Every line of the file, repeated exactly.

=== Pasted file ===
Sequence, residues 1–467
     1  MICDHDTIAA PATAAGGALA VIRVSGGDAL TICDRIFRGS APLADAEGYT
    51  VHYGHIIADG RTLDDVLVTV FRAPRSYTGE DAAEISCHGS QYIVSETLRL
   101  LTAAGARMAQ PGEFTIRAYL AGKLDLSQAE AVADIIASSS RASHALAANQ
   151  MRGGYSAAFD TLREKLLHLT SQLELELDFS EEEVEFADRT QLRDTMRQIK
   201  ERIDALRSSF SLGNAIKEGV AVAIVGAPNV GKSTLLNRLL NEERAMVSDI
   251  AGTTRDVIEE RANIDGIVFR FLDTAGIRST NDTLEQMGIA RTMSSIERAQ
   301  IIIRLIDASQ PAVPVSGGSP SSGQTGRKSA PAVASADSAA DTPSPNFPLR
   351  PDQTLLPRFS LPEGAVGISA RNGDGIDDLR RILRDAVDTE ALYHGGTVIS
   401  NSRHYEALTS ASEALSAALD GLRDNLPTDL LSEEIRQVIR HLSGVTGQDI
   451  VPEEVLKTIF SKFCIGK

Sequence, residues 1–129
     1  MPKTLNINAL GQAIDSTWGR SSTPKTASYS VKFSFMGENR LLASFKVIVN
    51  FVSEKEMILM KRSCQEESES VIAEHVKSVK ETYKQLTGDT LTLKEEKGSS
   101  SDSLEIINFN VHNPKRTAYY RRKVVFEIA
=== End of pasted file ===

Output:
Sequence, residues 1–467
     1  MICDHDTIAA PATAAGGALA VIRVSGGDAL TICDRIFRGS APLADAEGYT
    51  VHYGHIIADG RTLDDVLVTV FRAPRSYTGE DAAEISCHGS QYIVSETLRL
   101  LTAAGARMAQ PGEFTIRAYL AGKLDLSQAE AVADIIASSS RASHALAANQ
   151  MRGGYSAAFD TLREKLLHLT SQLELELDFS EEEVEFADRT QLRDTMRQIK
   201  ERIDALRSSF SLGNAIKEGV AVAIVGAPNV GKSTLLNRLL NEERAMVSDI
   251  AGTTRDVIEE RANIDGIVFR FLDTAGIRST NDTLEQMGIA RTMSSIERAQ
   301  IIIRLIDASQ PAVPVSGGSP SSGQTGRKSA PAVASADSAA DTPSPNFPLR
   351  PDQTLLPRFS LPEGAVGISA RNGDGIDDLR RILRDAVDTE ALYHGGTVIS
   401  NSRHYEALTS ASEALSAALD GLRDNLPTDL LSEEIRQVIR HLSGVTGQDI
   451  VPEEVLKTIF SKFCIGK

Sequence, residues 1–129
     1  MPKTLNINAL GQAIDSTWGR SSTPKTASYS VKFSFMGENR LLASFKVIVN
    51  FVSEKEMILM KRSCQEESES VIAEHVKSVK ETYKQLTGDT LTLKEEKGSS
   101  SDSLEIINFN VHNPKRTAYY RRKVVFEIA